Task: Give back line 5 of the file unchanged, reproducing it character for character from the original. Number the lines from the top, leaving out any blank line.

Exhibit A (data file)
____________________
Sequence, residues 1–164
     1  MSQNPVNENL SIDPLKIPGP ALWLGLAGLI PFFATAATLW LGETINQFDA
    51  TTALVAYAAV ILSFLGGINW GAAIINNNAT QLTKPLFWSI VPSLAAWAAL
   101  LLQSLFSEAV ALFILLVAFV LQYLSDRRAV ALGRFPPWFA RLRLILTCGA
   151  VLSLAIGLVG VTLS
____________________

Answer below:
   151  VLSLAIGLVG VTLS